Intravenous magnesium sulfate supplementation before preterm delivery cuts the risk for handicapping cerebral palsy (CP) in half, according to research led by University of Alabama at Birmingham (UAB) obstetrician Dwight Rouse, MD, and published in the Aug 28 issue of The New England Journal of Medicine.
Magnesium sulfate is given routinely to prevent seizures in women with preeclampsia and to stop preterm labor, and previous research suggested that fetal exposure to magnesium sulfate before preterm birth might reduce the risk of CP.
“The association between magnesium sulfate and a lower incidence of cerebral palsy has biologic plausibility, because magnesium stabilizes blood vessels, protects against damage from oxygen depletion, and protects against injury from swelling and inflammation, all of which threaten the vulnerable preterm brain,” Rouse said. “Our study is the largest, most comprehensive effort to evaluate the effect of magnesium sulfate on the incidence of cerebral palsy in preterm infants.”
It is estimated that CP afflicts more than 200,000 Americans between the ages of 3 and 13, making it a leading cause of chronic childhood disability.
Early preterm birth is a risk factor for CP, and the magnitude of the risk rises the earlier a baby is born. During the past 20 to 30 years, the survival of infants born severely preterm has improved dramatically, and while some research suggests the rate of CP among the survivors of early preterm birth has decreased, other research suggests that it has not. Currently, approximately one of every three cases of CP is associated with early preterm birth.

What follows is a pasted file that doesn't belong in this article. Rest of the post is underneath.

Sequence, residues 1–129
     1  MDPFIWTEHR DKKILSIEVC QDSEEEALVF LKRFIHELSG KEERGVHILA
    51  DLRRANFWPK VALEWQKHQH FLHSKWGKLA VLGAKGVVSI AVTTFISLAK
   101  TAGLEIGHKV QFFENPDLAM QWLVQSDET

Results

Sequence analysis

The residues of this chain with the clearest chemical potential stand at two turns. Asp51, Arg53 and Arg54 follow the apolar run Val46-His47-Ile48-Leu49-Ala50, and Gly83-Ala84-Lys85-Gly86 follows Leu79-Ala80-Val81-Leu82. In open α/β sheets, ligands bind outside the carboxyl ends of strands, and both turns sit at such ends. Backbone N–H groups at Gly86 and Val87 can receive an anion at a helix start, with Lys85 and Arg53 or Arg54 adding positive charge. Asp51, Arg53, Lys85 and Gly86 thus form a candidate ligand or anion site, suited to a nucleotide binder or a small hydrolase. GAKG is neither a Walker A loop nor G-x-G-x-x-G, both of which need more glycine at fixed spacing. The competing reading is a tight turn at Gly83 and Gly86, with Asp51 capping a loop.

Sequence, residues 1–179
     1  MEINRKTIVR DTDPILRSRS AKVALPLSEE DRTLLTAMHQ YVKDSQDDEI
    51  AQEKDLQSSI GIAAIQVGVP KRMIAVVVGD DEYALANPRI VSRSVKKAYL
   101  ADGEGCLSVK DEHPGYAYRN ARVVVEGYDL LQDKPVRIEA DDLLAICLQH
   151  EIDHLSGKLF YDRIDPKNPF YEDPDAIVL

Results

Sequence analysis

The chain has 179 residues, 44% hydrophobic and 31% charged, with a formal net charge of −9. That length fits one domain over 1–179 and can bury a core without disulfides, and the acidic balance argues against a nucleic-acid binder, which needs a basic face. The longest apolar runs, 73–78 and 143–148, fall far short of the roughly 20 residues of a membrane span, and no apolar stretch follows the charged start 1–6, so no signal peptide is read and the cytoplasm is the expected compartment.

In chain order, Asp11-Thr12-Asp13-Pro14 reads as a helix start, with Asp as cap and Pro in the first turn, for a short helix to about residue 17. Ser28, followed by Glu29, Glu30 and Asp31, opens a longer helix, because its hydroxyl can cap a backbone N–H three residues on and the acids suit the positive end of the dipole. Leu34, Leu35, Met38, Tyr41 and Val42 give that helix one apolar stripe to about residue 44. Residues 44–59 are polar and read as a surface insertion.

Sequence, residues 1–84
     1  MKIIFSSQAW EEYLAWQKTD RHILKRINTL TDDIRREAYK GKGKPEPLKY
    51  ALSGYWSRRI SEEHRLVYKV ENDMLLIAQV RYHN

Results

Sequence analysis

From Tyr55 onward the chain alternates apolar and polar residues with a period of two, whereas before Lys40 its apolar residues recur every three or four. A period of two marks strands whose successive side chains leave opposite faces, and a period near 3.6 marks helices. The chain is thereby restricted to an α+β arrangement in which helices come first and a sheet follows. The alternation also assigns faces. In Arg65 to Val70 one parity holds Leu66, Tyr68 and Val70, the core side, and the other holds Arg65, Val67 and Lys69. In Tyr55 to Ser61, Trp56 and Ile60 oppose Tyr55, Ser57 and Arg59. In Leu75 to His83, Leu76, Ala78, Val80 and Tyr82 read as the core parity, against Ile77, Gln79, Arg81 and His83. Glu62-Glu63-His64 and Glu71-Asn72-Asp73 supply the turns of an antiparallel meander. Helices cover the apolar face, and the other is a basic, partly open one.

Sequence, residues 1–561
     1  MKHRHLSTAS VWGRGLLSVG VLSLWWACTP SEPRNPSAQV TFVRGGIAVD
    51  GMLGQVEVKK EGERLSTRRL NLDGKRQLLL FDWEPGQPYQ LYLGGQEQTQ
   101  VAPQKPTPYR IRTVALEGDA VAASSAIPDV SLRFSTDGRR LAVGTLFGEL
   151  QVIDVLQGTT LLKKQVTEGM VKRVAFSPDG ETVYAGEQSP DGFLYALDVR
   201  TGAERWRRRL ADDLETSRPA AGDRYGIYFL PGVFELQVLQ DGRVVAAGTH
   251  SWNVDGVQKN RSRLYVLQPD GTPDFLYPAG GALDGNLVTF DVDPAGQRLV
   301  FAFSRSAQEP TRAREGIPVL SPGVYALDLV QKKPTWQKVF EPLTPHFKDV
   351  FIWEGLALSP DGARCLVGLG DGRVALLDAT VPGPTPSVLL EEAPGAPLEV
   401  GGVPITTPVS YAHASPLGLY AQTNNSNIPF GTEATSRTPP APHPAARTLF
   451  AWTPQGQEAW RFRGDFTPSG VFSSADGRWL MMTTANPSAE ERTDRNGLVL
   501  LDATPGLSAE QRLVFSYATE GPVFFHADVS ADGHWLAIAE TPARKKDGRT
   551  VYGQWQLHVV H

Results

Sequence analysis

The multicenter study, co-funded by the National Institute of Neurological Disorders and Stroke and conducted by the 20 participating research centers of the Eunice Kennedy Shriver National Institute of Child Health and Human Development Maternal Fetal Medicine Units Network, enrolled 2,241 women between Dec.1997 and March 2004. The women were randomly assigned to receive either placebo or magnesium sulfate. They all had similar characteristics, including gestational age (24 to 31 weeks) at randomization and risk factors for preterm birth. Some 87% of the women had experienced preterm membrane rupture.
Those in the treatment group were given six grams of magnesium sulfate intravenously over 20 to 30 minutes, followed by two grams of magnesium sulfate every hour after that—until either 12 hours had passed, labor subsided, or they had given birth. If the women in either group did not deliver within 12 hours, they were treated again if they went into labor by the 34th week of pregnancy.
On follow-up at 2 years of age, researchers found that babies born to women in the treatment group had a significantly lower rate of all forms of CP, 4.2% versus 7.3%, and of moderate or severe CP, 1.9% versus 3.5%. Children with moderate CP cannot walk unaided, and those with severe CP are profoundly disabled.
Rouse said the finding that magnesium sulfate protects against CP is consistent with two previous randomized trials, both of which were well done and which, in total, enrolled 1,600-plus women. "Our trial and the two others show that magnesium sulfate can reduce the risk of this devastating condition in preterm infants," he says. "Until we can prevent early preterm birth, the best that we obstetricians can do is to improve the prospects for infants who are born very early."